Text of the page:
• On February 22, 2011, the FTC filed a complaint against Phillip A. Flora alleging that he sent millions of illegal spam text messages, including many messages that deceptively advertised a mortgage modification website. According to the complaint, in one 40-day period, Mr. Flora sent more than 5.5 million spam text messages. The FTC claims that the messages violate the FTC Act, in that they were unsolicited and because they misrepresented that Mr. Flora was affiliated with a government agency. The complaint also alleges that many recipients of Mr. Flora’s messages were required to pay a fixed fee for each text message received, thereby causing economic harm to those consumers. In addition, the complaint alleges that in promoting his text message advertising services via mass e-mails, Mr. Flora violated the CAN-SPAM Act by failing to provide a means for his e-mail recipients to opt out of receiving them. FTC v. Flora, Case No. 11-cv-00299 (C.D. Cal, filed Feb. 22, 2011).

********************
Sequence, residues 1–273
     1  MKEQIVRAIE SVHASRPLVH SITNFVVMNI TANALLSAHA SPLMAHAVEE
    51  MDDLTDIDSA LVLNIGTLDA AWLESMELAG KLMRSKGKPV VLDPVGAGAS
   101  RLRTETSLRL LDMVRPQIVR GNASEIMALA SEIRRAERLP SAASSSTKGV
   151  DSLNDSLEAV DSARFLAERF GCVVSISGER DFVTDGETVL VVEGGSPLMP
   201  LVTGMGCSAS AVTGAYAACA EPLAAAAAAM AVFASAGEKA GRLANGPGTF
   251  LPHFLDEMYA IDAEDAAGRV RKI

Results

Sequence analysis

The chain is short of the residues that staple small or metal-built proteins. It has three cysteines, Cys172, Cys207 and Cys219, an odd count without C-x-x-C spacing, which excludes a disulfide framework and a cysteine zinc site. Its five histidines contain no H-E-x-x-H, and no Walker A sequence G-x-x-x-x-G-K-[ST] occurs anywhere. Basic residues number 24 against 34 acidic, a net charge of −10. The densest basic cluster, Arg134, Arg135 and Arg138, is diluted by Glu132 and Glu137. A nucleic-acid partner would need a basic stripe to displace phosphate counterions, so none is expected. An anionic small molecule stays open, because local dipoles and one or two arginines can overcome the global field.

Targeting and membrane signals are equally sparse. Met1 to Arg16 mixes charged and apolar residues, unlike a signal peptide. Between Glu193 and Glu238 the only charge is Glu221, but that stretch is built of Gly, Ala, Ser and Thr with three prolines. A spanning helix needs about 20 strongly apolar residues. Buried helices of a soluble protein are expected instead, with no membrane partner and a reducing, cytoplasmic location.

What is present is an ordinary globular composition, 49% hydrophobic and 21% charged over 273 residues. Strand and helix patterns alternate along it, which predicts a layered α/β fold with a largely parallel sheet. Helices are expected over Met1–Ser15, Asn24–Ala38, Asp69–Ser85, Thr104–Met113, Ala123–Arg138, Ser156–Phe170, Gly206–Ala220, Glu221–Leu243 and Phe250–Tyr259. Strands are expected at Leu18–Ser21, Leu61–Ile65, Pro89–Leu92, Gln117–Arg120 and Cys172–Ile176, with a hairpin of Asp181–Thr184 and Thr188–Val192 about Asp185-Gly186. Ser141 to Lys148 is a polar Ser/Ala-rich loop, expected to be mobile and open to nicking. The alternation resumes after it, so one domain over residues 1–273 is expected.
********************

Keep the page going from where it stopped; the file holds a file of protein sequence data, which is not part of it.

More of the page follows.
A copy of the complaint can be found here.

A copy of the FTC’s press release on the case can be found here.

  • The FTC will host a forum on May 11, 2011, in Washington, DC to examine how the government, businesses, and consumer protection organizations can work together to prevent consumers from receiving unauthorized third-party charges on their phone bills — a practice known as “cramming.” The forum, which will be held at the FTC’s satellite building conference center, will be open to the public. Any persons interested in appearing on the panel must submit requests to the FTC no later than March 4, 2011. The FTC also invites interested parties to submit comments on cramming prevention through the FTC’s online comment form no later than April 27, 2011. The FTC’s Press Release on the Cramming Forum can be found here. Comments can be submitted to the FTC here.